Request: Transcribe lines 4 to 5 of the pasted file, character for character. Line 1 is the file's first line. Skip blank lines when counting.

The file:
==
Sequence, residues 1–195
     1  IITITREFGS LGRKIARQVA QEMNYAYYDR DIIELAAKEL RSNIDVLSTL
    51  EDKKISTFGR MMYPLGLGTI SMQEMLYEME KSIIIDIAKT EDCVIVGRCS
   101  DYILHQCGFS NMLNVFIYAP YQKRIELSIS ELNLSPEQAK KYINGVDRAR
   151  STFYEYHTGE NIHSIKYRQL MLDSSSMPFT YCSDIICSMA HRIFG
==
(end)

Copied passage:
   101  DYILHQCGFS NMLNVFIYAP YQKRIELSIS ELNLSPEQAK KYINGVDRAR
   151  STFYEYHTGE NIHSIKYRQL MLDSSSMPFT YCSDIICSMA HRIFG